The declared variables in piece of documentation are effectively parameters for that documentation. One interesting question is what happens when a piece of documentation is re-used in a context where a parameter (declared variable) is bound to a fixed meaning. For example: M below has three variables { "Nat0", "0", "+" }

    1. M::=Net { Nat0:Sets, 0:Nat0, +:serial(Nat0), for all s:Nat0( s+0 = 0+s = s ) }.

      We don't expect to see the symbols "0" and "+" used like this, perhaps. But, this is equivalent to the basic definition that results by taking the generic monoid

    2. MONOID::= See http://cse.csusb.edu/dick/maths/math_31_One_Associative_Op.html#MONOID

      and substituting:

    3. MONOID( Set=>Nat0, op=> +, unit=>0). [ [ Modified Re-Use ] below] Now, we know that the natural numbers with zero form a monoid under addition, so, in any context where the natural numbers are available (the standard one), we could re-use M:
    4. |- (2): M. But to assert M like this means (apparently) that the declaration of M are added to our document and redefine 0, + and Nat0!

      Thus we have the following rule:

    5. When a piece of documentation D1 is re-used in document D2 and x is a variable declared in D1 like this
      for some set S and also appears as a constant in D2, then the declaration is converted into an axiom x in S in D2.

      So in any context where natural number exist, re-using or citing M above, effectively the following formulae:

    6. Nat0 in Sets.
    7. 0 in Nat0.
    8. + in serial(Nat0).
    9. for all s:Nat0( s+0 = 0+s = s ).

      Finally note that since these are all true in a context that define Nat0 as the natural numbers with 0, we would like assert M as a theorem:

    10. (above)|- (3): M. Meaning that the four formulae above are theorems.

      Proof of 3

      By inspection.

      A documentation system would help the users to disclose and hide the content quickly and easily. Either an 'out liner' or a hypertext model is an appropriate implementation. The system needs to also record the use of a given piece of documentation, and ensure that when the used documentation is changed then the all references to it are automatically kept in step - or (at least) protected from losing the linkage. When feasible a documentation system will make visible to a viewer the dependencies between documents buy placing two directives near the start of the document:

    11. .Uses list of names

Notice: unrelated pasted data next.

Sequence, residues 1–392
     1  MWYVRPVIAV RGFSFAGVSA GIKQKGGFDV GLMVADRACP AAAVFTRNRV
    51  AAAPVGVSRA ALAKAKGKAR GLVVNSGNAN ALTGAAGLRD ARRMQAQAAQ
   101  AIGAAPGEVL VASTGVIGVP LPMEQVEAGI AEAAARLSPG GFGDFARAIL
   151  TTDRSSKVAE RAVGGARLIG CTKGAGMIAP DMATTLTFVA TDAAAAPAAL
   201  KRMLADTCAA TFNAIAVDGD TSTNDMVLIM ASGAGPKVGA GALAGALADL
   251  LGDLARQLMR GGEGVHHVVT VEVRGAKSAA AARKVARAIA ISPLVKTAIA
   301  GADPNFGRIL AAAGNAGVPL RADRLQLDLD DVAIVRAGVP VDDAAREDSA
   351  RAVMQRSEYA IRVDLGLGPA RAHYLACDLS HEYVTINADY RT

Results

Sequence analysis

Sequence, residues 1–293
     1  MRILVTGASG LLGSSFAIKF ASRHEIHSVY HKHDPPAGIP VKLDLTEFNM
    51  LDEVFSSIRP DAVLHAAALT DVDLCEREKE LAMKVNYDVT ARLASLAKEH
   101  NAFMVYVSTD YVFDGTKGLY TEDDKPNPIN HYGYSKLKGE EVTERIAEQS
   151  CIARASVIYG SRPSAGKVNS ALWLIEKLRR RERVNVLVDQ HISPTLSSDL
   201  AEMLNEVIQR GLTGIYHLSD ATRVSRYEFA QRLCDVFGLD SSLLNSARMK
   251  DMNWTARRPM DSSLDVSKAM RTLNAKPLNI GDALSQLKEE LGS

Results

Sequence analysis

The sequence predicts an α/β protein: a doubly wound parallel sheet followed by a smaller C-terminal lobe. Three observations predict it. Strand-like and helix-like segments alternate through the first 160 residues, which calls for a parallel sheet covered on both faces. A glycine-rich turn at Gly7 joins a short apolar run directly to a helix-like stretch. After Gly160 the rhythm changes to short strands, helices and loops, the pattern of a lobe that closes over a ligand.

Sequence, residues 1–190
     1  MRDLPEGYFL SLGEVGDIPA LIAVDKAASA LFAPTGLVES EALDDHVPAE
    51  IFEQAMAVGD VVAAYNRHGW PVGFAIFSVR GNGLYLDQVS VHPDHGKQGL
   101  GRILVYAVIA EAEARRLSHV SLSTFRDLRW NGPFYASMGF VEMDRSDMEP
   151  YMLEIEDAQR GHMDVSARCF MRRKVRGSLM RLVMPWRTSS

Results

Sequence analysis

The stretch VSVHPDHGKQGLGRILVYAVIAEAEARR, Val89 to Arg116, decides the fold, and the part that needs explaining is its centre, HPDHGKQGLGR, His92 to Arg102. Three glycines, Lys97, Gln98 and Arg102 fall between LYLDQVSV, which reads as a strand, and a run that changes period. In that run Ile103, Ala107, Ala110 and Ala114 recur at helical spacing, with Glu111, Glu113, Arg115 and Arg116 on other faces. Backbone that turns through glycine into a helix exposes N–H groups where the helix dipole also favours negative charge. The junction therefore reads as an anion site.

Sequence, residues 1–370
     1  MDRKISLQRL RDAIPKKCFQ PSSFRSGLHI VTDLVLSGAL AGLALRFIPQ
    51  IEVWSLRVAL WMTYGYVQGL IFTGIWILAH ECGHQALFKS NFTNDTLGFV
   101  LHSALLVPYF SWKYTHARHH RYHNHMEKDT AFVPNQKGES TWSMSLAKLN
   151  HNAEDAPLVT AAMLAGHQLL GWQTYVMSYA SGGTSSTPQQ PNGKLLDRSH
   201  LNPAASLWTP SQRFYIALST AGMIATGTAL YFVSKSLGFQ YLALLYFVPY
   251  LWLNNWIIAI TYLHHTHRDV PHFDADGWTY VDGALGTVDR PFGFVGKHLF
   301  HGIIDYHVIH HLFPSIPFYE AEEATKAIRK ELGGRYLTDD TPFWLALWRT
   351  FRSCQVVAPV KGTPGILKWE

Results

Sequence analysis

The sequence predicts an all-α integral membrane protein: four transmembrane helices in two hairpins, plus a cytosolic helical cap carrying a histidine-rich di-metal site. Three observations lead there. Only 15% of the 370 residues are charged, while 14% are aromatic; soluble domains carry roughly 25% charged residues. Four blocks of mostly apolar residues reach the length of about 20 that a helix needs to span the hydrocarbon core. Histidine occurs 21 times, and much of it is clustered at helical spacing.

12. .Used_by list of names

      This ideal is difficult to reconcile with the freewheeling nature of the World-Wide Web. What happens if you refer to a document that someone else has written, and owns. How can they know? Can they be forced to maintain their end of the link? What happens if they need to revise their document -- formal documents evolve by a dialectical process of proposal, refutation, and improvement? I don't think there is any real solution to this problem. Clearly it means that it is best to link to documents that appear stable: well argued, reasonable, and based on stable assumptions. Clearly it means that it is necessary to regularly review links. Finally it is very wise to tell the author that you need the link and for authors to maintain a subscriber list who can be notified when changes are about to happen.

      Perhaps some form of deprecation process should be introduced. In standard deprecated features are likely not to be supported in a future version.

      Modified Re-Use

      A name can be followed by operations that describe modifications to the documentation to which it refers. These work as if they generated an edited copy that is inserted in place of the modified name.

      For example suppose

       	X::=Net{ a:A, b:B, W(a,b...)},
       	V::=Net{ parts of Y, X(a=>x, b=>c), more parts of Y},

      then it is as if the definition of V had been written:

       	Net{ parts of Y, x:A, x:B, W(x,y...), more parts of Y}.
       	V1::=Net{ parts of Y, X with P, more parts of Y},

      then it as if V1 was written

       	 Net{ parts of Y, a:A, b:B, W(a,b...). P.  more parts of Y}.


      Experience of object-oriented technology and methods provides convincing evidence of the need to take previous work and quickly extend it by adding new features and/or constraints. MATHS has two predefined notations to do this.

      First to add a constraint w to a document named N right 'N and w'. This is a simple reuse notation described earlier.

      To add a set of features (including both declarations and wffs) use: "with". This is again a simple abbreviation.

       	N with v:S
       	N with{ D }
       	N with following

      If a set S is defined as $ N then

    13. S and w::= $ Net{ N. w . }. S with {D}::=$ Net{ N. D. }.

      A common example:

    14. ALGEBRA::=Net{ Set:Sets }.
    15. SEMIGROUP::= ALGEBRA with op:associative(Set).
    16. MONOID::= SEMIGROUP with u:neuter(op).


      Notice that a new formal system can easily be created that inherits features from many different formal systems -- merely by asserting them:
    17. RING::=following,

      1. |- (r1): GROUP(Set, +, 0, -).